As the number of seemingly insular dating sites—from SeaCaptainDate.com (“find your first mate”) to BikerKiss.com (“two wheels, two hearts, one road”)—continues to climb, so does the number of interlopers. Though many of these dating sites neither encourage nor forbid trespassing, some have tacitly welcomed outsiders. JDate, for instance, has added new options to its profiles: “willing to convert,” and even “not willing to convert.”
Outsiders on sites such as Black People Meet are more conspicuous, but this hasn’t kept them away.
“I find African-American women take care of themselves, dress better and treat their men better,” said David Dargie, 58, a white store manager from Vermont who has a dating profile on Black People Meet. “I just find them more attractive. Some men like blondes, some like brunettes—I like black people.”
Stereotypes, such as the notion that a Jew will have strong family values or an Asian will be highly educated, are “very enduring” despite “tons of disconfirming evidence,” said Jennifer Lee, a sociology professor at the University of California-Irvine, who focuses on ethnic minorities, interracial marriage, and multiracial identity.
“Even a complimentary stereotype can be damaging,” Lee said. “It seems like it might be flattering, but what they’re doing is putting that person into a box and hoping that they conform to their image of what a Jewish person is, or what a black person is, based on preconceived notions.”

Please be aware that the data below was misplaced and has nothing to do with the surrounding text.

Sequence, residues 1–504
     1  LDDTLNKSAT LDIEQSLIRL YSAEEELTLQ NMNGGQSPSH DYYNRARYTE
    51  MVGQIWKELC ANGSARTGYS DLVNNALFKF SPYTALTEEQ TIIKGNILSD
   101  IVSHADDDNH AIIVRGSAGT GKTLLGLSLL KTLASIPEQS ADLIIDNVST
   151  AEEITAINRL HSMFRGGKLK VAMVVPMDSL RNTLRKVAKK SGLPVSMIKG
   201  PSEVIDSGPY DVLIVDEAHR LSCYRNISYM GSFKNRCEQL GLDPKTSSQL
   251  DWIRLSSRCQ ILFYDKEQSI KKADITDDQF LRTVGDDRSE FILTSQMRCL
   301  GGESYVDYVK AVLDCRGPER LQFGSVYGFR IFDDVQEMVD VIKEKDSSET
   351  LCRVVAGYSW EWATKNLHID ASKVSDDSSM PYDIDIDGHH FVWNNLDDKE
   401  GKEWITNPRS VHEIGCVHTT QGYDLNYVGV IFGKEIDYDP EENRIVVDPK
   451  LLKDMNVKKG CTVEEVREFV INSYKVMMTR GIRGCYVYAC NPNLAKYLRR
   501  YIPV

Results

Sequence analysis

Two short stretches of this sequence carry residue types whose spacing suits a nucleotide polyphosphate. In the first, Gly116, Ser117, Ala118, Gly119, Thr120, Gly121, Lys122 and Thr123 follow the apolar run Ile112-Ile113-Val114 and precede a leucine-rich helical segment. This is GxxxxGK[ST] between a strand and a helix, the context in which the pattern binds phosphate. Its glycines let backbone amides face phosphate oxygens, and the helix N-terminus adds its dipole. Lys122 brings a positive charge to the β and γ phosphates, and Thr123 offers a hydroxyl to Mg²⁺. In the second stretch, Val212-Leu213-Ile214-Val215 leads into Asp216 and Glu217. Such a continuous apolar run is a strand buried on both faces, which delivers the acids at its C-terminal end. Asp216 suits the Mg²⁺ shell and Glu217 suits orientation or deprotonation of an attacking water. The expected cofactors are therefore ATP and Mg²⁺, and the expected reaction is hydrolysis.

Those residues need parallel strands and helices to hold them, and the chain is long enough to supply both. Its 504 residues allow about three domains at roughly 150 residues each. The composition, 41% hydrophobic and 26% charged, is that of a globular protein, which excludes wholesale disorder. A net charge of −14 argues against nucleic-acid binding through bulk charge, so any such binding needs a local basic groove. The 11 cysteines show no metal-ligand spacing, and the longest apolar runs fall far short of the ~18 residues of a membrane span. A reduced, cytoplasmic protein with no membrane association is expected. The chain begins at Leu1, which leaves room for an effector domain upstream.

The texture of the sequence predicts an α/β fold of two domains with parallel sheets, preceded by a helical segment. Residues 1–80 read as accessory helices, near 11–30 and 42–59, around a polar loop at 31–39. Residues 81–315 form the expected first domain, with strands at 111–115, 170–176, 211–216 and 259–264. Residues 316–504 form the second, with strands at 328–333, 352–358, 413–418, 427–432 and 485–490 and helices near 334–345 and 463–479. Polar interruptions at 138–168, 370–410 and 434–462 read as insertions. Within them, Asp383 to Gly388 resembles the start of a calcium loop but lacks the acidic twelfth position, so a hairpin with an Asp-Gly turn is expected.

Members of minority groups often prefer to stick together. Though the proportion of interracial marriages, according to Pew Research, was at an all-time high in 2012—8.4 percent—that still means more than 90 percent of marriages are intra-racial. People may search for love within the community to preserve their culture or because it’s simply more comfortable to be with a partner of the same background. They may not take kindly to gatecrashers.
“Some people see my photo, and they send me a message saying, ‘Get the hell off this website. This is a black people website. What the hell are you doing on it? Blah blah blah,’” Dargie said. “I understand where they’re coming from.” But he’s not taking down his profile; in fact, he said he is “very busy” speaking to interested women from the site.
Internet user Jellyfrog48, a member of a dating site for single parents, was similarly perplexed when she received an email from a member of the site who has no children. Uncertain whether to respond to his entreaty, she sought advice from the Internet forum Babycentre.
“Weird?” she asked. “Or am I overly suspicious?”
Responses from fellow parents on the chatroom included the cautious (“Keep your guard up a bit”), the explanatory (“He may not be able to have children”), and the obvious (“Of course, this is the Internet”).
This kind of poaching has been happening at least since the beginning of JDate, the self-proclaimed “premier Jewish singles community online,” that launched more than 15 years ago.